Phở Hòa – Is it just another noodle joint?

    It looks like one of those noodle houses on the roadside with plastic chairs, formica tables, laminated menu, and plain white neon lights. Actually, it is one, but with green cushion chairs. The atmosphere is so casual, the slurping scenes so familiar I could almost hear motorbike engines and vendors’ calls around Saigon. Everywhere I look, Berkeley brings back memories of Binh Thanh and Tan Binh Districts with its frameless mix of dashing modernity and forlorn architecture, damp narrow alleys separating discordantly colorful buildings, shoe mending stores tucked between pricey diners, Vespas, bicycles, cars, trucks, men in suit and men in rag, the only thing missing is a xich-lo. Like it or not, this world doesn’t stay outside noodle houses like Pho Hoa, you can eat while feeling life scurry on the pavement. The diners casually bring the commonest of life into their chatter. The kitchen brings the commonest of noodle soup onto the table.

    But only they added a twist to it. Of course eighty percent of the menu is laminated with things every pho joint would have: pho. Pho of all varieties, Steak, Brisket, Chicken, Tendon, Flank, Tripe, Meatball.  Then at the very bottom of the page, estranged by all other pho’s, is Seafood Sour.

    I first heard of sour pho a few months ago. The regional specialty of northern province Lạng Sơn sounds exciting: tamarind sauce, a ladle or two of chicken broth, a handful of chicken meat and innards, fried shallot and crushed peanuts, structurally somewhat like mỳ Quảng (Quảng Nam noodle) and cao lầu (Hội An noodle). So as soon as I saw “sour pho”, I leaped at the chance. Fifteen minutes later, the eight-dollar-and-ninety-five-cent chance looked me in the eye with fiery inquisition, “maybe it’s a little too much chili paste?” I sniffed and hawked, blew and gulped, a sip of water now and then between spoonfuls of the clear red broth. It is definitely not the sour pho of Lang Son. Not only copious amount of squid, shrimp and salmon replaces chicken gizzards, but the sourness comes from pineapple and tomato instead of tamarind, and your rice noodle gets lost in the sea. It is pho and canh chua entanglement, harmoniously with joy in crescendo.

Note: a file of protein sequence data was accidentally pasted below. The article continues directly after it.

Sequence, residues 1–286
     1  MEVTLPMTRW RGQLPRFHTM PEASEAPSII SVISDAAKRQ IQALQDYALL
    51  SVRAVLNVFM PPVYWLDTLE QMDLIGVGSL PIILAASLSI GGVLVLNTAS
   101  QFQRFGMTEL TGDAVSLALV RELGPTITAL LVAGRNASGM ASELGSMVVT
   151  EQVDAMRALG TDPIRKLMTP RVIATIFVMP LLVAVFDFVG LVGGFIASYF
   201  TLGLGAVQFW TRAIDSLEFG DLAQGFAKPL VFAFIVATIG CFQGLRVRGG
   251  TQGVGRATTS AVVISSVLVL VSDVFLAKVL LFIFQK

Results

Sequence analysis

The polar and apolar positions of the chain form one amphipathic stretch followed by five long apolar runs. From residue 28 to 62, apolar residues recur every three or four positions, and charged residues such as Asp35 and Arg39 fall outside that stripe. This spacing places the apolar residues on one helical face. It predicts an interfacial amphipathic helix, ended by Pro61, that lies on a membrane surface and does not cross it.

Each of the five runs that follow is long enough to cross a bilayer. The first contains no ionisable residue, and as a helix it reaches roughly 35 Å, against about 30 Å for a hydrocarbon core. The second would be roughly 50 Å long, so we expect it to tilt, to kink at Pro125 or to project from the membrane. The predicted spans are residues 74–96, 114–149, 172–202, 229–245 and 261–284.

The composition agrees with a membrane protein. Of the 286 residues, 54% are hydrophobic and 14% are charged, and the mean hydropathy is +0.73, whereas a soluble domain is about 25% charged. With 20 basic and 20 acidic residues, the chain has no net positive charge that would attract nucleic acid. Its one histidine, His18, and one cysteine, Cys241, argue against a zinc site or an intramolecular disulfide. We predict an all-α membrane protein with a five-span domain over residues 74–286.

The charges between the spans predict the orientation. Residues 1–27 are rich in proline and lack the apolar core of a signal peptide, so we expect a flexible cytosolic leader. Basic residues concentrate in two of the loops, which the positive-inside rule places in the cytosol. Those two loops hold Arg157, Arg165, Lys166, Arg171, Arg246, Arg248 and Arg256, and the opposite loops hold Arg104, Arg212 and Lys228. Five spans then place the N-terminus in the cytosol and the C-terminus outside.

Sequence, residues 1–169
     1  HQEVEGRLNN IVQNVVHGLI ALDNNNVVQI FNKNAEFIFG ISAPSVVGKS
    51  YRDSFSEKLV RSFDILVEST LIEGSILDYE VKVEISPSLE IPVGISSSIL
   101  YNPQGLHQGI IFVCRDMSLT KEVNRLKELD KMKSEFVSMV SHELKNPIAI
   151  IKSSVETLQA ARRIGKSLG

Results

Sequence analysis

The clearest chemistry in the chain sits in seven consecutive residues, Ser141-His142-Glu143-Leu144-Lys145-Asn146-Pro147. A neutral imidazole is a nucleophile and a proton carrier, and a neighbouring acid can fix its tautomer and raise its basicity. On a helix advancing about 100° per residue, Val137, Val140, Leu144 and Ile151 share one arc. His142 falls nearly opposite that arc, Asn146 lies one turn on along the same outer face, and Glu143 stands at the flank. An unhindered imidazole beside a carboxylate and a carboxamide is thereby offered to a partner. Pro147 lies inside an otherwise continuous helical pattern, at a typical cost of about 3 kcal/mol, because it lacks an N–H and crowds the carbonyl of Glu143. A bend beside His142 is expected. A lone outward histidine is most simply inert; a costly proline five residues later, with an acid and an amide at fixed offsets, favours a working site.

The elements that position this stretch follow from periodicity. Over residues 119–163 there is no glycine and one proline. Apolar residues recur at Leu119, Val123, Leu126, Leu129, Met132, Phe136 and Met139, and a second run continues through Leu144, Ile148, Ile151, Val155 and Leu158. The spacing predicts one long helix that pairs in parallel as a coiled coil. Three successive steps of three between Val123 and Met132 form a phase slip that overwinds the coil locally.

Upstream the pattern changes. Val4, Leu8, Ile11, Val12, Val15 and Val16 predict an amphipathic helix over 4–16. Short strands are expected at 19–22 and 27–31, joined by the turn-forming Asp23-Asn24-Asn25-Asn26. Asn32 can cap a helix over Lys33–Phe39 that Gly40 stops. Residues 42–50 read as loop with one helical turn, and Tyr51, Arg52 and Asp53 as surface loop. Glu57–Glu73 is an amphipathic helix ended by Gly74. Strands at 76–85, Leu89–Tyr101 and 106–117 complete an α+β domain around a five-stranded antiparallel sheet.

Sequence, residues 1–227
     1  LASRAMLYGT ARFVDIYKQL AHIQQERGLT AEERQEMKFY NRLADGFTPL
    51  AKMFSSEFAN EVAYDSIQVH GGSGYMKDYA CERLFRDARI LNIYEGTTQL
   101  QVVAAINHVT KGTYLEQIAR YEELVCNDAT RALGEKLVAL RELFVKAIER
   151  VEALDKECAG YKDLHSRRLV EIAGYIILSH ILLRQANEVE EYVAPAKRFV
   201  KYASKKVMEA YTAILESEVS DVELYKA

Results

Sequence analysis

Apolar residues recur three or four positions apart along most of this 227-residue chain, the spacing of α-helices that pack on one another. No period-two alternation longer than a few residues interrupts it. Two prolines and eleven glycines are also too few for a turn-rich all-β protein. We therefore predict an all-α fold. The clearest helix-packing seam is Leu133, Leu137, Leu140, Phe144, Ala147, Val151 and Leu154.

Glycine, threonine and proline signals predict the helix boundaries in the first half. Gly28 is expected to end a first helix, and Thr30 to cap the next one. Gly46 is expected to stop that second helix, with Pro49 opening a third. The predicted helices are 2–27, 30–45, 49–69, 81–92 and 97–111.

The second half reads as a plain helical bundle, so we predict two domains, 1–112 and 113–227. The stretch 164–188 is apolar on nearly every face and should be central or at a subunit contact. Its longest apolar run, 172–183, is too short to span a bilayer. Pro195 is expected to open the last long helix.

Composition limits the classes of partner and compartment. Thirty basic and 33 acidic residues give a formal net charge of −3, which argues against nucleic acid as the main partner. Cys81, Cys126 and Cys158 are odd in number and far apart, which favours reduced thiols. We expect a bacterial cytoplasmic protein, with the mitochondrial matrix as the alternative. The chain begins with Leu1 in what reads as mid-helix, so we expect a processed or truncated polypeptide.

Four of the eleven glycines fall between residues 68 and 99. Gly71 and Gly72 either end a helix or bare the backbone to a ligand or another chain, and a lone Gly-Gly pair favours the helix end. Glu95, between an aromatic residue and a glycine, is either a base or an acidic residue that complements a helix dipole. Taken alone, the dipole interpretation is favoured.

But some part of me will forever crave meat. Big chunks. Marinated. Sauce dripping. A tad of fat to loosen the muscle. Bits of tendon to brighten the chew. Meat that is bold and brown. Like a beef stew.

    We found it demoted to the menu’s bottom league with Seafood Sour.  Bò kho is Vietnamese beef stew with a complex wealth of tastes, a French-influenced Southerner’s display of abundance, and an ambrosial love of Mudpie. Star anise and cinnamon link bo kho with pho, annato seeds make it color-stricken like claypot fish, nuoc mam gives it the regional stamp. All for a mere $7.65. The quality doesn’t lie in the beef, but in every bite of baguette wholeheartedly dipped in that rich, peppery, daring juice. E V E R Y bite. Only found at:

    Pho Hoa Noodle Soup
    2272 Shattuck Avenue
    Berkeley, CA 94704
    (510) 540-9228

    UPDATE: This location is now closed.

    Other pho houses in Berkeley: Le Petit Cheval (student-pocket-friendly), Le Regal (big-pocket-friendly)

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    2 comments to Phở Hòa – Is it just another noodle joint?

    • yikes

      whats up with all the vietnamese food. its a bit bias.

    • Mai

      Thank you for commenting. I’m Vietnamese, so I know Vietnamese food more than other types of food. Shouldn’t a food blogger write about what (s)he knows best? There is subjectivity, and that’s what blogging is all about. If you prefer other types of food, there are other food blogs that cover them.

      I don’t claim to have the complete list of every restaurant in the area. This is an ongoing project, I’m trying to add more posts on other cuisines too. 🙂

      If you could provide a real name and email address, perhaps we could chat more.

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